Thursday, 29 June 2017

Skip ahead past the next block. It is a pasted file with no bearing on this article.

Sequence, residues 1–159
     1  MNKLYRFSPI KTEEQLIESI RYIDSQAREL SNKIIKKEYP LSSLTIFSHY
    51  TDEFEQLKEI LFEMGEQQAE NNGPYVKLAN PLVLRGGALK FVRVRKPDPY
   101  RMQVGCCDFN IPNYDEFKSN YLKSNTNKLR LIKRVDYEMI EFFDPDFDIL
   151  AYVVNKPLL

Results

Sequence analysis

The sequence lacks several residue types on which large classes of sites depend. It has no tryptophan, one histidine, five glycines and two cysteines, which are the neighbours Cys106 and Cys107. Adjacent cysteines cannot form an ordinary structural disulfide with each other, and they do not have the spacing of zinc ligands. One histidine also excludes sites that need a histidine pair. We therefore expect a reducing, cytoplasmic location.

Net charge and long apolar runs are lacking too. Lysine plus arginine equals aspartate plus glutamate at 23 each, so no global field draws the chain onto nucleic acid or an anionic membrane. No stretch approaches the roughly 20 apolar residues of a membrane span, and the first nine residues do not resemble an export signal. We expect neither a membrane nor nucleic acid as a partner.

Simone Strydom, Kathryn McMahon and Paul Lavery recently published a paper in Marine Ecology Progress Series (MEPS) on how different colours of light impact seagrass. This work formed part of Simone’s PhD thesis and is unique in that it measured seagrass (Halophila ovalis) responses to light across several plant scales (physiology, productivity, morphology and biomass) as well as across life-history stages (seeds, seedlings, adults and flowering). This study demonstrated that blue light decreased biomass in adults and that red light enhanced seedling survival. The findings indicate that both natural and human-induced changes in light quality, such as dredging and algae blooms, could significantly affect seagrass growth and reproduction. As a range of anthropogenic activities are currently contributing to the global losses of seagrasses, this research provides timely information on how light quality influences different seagrass life history stages.
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